Newtown shooting talks with kids urged by Canadian experts
Child-care professionals in Canada are encouraging parents to talk to their children about the mass shooting in Newtown, Conn., using age-appropriate language and nurturing them to relieve any anxiety.
"You don't want to avoid the topic because, otherwise, it will leave lots of room for their imagination [to run] and more anxiety because the unknown is our worst enemy for kids and adults," said Margaret Muzyka, a child bereavement specialist with the Canadian Mental Health Association in Windsor, Ont.
Friday's shooting by a 20-year-old resident of Newtown resulted in the death of 20 students — all six or seven years old — and six staff at Sandy Hook Elementary School. The gunman first killed his mother at their home, and then burst into the school and opened fire in one of the deadliest shootings in U.S. history.
Muzyka said parents should be honest and factual while relaying information to children about such tragedies.
"Tell the truth, but also use concrete language that's appropriate for the age of the child. Answer children's questions in a way that they can understand," she said.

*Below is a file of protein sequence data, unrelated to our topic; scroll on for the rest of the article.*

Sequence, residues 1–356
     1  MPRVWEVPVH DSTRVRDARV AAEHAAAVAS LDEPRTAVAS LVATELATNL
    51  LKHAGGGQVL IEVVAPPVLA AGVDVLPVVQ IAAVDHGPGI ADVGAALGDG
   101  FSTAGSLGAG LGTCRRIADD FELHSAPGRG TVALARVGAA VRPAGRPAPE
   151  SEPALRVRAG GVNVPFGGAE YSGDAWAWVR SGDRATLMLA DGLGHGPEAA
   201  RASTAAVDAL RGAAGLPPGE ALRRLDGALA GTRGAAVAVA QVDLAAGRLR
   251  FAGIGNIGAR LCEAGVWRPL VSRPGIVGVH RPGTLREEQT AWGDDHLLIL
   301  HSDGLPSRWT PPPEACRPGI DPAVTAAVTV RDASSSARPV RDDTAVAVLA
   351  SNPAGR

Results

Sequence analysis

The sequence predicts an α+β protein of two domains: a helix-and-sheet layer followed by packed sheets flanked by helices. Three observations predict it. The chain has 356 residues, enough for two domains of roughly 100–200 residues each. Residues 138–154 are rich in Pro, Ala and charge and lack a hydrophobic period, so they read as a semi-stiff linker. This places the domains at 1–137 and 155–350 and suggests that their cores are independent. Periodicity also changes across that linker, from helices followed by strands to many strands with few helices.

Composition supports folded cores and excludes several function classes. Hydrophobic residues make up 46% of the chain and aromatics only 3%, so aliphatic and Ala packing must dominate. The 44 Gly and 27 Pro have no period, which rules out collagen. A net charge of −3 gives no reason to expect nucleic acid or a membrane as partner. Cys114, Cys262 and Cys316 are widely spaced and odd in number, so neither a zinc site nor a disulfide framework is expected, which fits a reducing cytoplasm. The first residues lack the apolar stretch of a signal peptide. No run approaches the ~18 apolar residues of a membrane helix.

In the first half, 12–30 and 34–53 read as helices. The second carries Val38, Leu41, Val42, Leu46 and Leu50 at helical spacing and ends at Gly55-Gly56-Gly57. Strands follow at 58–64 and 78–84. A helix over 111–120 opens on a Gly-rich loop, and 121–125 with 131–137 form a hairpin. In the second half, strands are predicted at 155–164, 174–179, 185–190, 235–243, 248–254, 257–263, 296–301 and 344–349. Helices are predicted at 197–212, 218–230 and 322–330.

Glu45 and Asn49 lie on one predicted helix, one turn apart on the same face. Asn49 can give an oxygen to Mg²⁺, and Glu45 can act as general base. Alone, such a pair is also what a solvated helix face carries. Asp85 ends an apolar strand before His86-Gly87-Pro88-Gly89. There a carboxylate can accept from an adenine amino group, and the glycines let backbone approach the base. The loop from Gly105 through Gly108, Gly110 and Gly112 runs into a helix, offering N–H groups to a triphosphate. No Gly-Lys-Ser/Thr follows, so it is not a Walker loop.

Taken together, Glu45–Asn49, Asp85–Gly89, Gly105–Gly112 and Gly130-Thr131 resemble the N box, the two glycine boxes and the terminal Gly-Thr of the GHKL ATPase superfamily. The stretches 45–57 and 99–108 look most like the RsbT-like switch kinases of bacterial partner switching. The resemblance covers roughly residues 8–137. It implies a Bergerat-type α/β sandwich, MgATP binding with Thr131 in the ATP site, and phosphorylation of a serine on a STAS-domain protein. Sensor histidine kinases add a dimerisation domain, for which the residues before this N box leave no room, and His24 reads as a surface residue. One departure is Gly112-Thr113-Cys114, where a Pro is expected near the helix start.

Cuddle, nurture kids, psychologist says
A child psychologist in London, Ont., warned parents against assuming the mass shooting is not the buzz of schoolyards this week.
Sally Christensen, with the Thames Valley District School Board, said it's important to allow children, not the parents, to bring up the topic first.
"They have plenty of years to discover that there are sometimes nasty things happening around them. We don't need to help them do that," Christensen said.
However, she said some children will eventually learn of the event and have questions. Fear will follow, she warned.
Nurturing helps to calm the anxiety, she said.
Christensen said gentle, physical contact and closeness work best.
"You can give your child a little hand massage with some lotion, that just feels darn good. You can pop some popcorn and snuggle up and watch a feel good movie," she said.
Christensen said repetitive activities, like riding a bike or bouncing a ball, can also help children dealing with fear.
Ontario Minister of Education Laurel Broten said teachers in the province are prepared to deal with questions children may have.
"In this modern age, there is note doubt conversation will take place in our schools," Broten said. "Our teachers will rely on expert advice in order to help them manage and ensure kids feel safe in our schools."